Defensive tackle Aaron Donald, set to play Sunday when the Los Angeles Rams face the New England Patriots in Super Bowl LIII, was named the NFL’s defensive player of the year. The Chicago Bears’ Matt Nagy was named coach of the year. The comeback player of the year was Indianapolis Colts quarterback Andrew Luck. Top-rookie nods went to New York Giants running back Saquon Barkley on offense and Colts linebacker Darius Leonard on defense.
Mahomes was the star of stars in an NFL season that was all about unstoppable offenses and superior quarterback play. The Chiefs moved up to select him in the opening round of the 2017 NFL draft and committed to him being the starter this season after he spent his rookie year awaiting his turn behind Alex Smith. During Super Bowl week last year, the Chiefs arranged to trade Smith to the Washington Redskins, with the deal becoming official last March.
The Chiefs were rewarded as Mahomes flourished in Coach Andy Reid’s offense. Mahomes threw passes from all arm angles and with almost-unimaginable body contortions. He threw no-look passes. He threw the occasional left-handed pass. And, mostly, everything worked. He had one of the best passing seasons in league history, throwing for 5,097 yards and 50 touchdowns with 12 interceptions and a passer rating of 113.8.
The Chiefs secured the top seed in the AFC playoffs. They hosted the Patriots in the AFC title game, which went to overtime. But Mahomes never left the sideline during that overtime session as the Kansas City defense could not stop the Patriots from crafting an opening-possession touchdown drive to win.
“The season is still kind of fresh on my mind,” Mahomes said. “I’m wishing I was playing this week. But at the same time, if you look back, we did so many great things this year. We have a lot of young guys … We all wish we were in the Super Bowl. But we’re going to use that as motivation for this next season and try to come back and find a way to get there next year.”
Donald was next to unblock-able and led the league in sacks with 20.5, putting him 4.5 ahead of runner-up J.J. Watt of Houston. The Rams made Donald the NFL’s highest-paid defensive player when they signed him in late August to a six-year contract extension worth $135 million, ending a holdout by Donald that lasted through training camp. Donald rewarded the Rams with his second straight defensive player of the year award.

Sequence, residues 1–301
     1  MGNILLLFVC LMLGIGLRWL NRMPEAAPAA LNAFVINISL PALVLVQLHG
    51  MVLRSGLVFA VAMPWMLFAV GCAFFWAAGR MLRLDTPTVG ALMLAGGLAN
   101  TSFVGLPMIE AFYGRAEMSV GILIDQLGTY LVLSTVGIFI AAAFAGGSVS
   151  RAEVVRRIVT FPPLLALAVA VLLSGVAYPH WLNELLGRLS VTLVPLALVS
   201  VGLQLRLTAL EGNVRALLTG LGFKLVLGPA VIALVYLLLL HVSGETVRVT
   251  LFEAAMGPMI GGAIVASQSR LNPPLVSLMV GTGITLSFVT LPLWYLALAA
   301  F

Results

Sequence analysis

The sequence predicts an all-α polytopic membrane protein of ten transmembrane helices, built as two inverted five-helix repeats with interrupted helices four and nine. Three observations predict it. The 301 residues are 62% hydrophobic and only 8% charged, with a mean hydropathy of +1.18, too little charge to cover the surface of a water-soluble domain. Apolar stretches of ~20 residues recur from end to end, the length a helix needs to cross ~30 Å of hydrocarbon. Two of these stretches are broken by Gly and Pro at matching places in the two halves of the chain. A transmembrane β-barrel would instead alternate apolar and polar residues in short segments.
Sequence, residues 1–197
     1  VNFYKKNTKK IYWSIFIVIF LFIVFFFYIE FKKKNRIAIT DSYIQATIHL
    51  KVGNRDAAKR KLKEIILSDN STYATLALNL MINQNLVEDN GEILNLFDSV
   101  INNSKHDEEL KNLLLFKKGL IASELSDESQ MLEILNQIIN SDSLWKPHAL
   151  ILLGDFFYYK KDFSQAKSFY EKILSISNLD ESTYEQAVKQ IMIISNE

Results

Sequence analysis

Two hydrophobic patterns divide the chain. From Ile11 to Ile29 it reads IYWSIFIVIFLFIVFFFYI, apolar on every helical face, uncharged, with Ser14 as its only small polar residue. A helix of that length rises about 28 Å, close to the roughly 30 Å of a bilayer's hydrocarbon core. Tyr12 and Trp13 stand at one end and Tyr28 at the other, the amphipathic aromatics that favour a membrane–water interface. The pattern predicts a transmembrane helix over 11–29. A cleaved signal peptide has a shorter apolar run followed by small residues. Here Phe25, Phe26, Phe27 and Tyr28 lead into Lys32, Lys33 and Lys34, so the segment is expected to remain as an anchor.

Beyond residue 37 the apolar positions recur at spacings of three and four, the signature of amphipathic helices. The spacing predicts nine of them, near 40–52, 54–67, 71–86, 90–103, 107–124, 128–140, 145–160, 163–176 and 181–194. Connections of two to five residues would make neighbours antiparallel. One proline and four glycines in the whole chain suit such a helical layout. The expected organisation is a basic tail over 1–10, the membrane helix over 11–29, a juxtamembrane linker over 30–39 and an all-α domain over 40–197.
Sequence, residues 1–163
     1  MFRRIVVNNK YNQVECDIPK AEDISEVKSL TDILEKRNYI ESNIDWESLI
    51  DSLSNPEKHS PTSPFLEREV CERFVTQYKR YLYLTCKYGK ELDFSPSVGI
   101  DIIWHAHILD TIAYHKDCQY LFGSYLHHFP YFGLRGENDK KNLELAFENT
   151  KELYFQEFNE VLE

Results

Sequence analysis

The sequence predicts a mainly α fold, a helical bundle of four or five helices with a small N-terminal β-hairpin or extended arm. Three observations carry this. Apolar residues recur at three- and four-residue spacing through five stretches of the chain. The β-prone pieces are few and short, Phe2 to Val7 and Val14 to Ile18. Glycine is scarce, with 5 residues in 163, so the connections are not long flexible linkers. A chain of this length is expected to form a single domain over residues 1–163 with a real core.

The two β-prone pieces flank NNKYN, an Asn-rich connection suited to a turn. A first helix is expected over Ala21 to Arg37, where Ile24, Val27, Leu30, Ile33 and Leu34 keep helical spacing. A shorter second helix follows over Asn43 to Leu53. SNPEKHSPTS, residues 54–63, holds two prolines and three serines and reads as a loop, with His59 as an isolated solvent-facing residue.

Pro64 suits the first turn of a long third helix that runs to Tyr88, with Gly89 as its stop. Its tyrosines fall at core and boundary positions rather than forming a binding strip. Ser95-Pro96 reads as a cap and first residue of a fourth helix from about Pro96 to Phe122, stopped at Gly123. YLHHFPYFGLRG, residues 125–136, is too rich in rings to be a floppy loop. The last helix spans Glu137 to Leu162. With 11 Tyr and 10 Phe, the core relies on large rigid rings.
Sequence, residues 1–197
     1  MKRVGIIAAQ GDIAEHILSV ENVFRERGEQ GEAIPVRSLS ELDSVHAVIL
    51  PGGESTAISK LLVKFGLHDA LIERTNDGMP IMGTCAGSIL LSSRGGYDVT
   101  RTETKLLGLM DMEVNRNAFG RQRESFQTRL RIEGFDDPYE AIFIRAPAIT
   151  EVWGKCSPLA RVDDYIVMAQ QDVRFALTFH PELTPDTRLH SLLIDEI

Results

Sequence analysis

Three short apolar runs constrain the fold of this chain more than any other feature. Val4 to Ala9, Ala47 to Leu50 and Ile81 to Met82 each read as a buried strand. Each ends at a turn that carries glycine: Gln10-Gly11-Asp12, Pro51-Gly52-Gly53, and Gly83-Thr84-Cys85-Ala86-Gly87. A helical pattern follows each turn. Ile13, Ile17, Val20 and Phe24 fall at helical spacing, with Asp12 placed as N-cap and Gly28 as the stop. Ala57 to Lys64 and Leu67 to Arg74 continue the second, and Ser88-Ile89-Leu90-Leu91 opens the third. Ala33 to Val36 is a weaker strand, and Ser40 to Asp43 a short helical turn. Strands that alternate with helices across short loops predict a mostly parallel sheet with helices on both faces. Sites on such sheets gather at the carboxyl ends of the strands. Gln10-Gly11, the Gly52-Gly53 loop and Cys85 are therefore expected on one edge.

Nagy left Reid’s staff in Kansas City and thrived as a rookie head coach in Chicago. He pushed along the development of second-year quarterback Mitch Trubisky, benefited from the Bears’ preseason trade for pass rusher Khalil Mack and took the team to an NFC North title before losing an opening-round playoff game to the Philadelphia Eagles on an agonizing missed field goal by kicker Cody Parkey.
“This represents all of us,” said Nagy, who cut short a vacation for his 17th wedding anniversary to attend the ceremony with his wife. “This is a ‘we’ award … We didn’t reach all of the goals. But in the end it’s a step for us, a step for our future.”
Luck returned to the Colts after missing all of last season in a slower-than-expected return from shoulder surgery. He shoved aside the doubts about his future and reclaimed his status as a true franchise quarterback. His 39 touchdown passes were the league’s second-most, and he threw for 4,593 yards while taking the Colts to the divisional round of the AFC playoffs after a 1-5 start to the season.
Barkley edged Cleveland Browns quarterback Baker Mayfield for top offensive rookie. The two had put a friendly wager — the purchase of a chain — on the outcome. The Giants were criticized by some for taking Barkley second overall in last year’s draft ahead of quarterback Sam Darnold, but they maintained that Barkley was too good to pass up. He was second in the NFL with his 1,307 rushing yards.
Leonard led the NFL with 163 tackles, 19 more than anyone else during the regular season. He was snubbed in the Pro Bowl balloting but was named first-team all-pro by the AP, quite an immediate return for the Colts on the second-round draft choice they used last spring on the unheralded linebacker from South Carolina State.
“My feelings were hurt,” Leonard said of his Pro Bowl snub. “But I wasn’t going to stop and dwell on that.”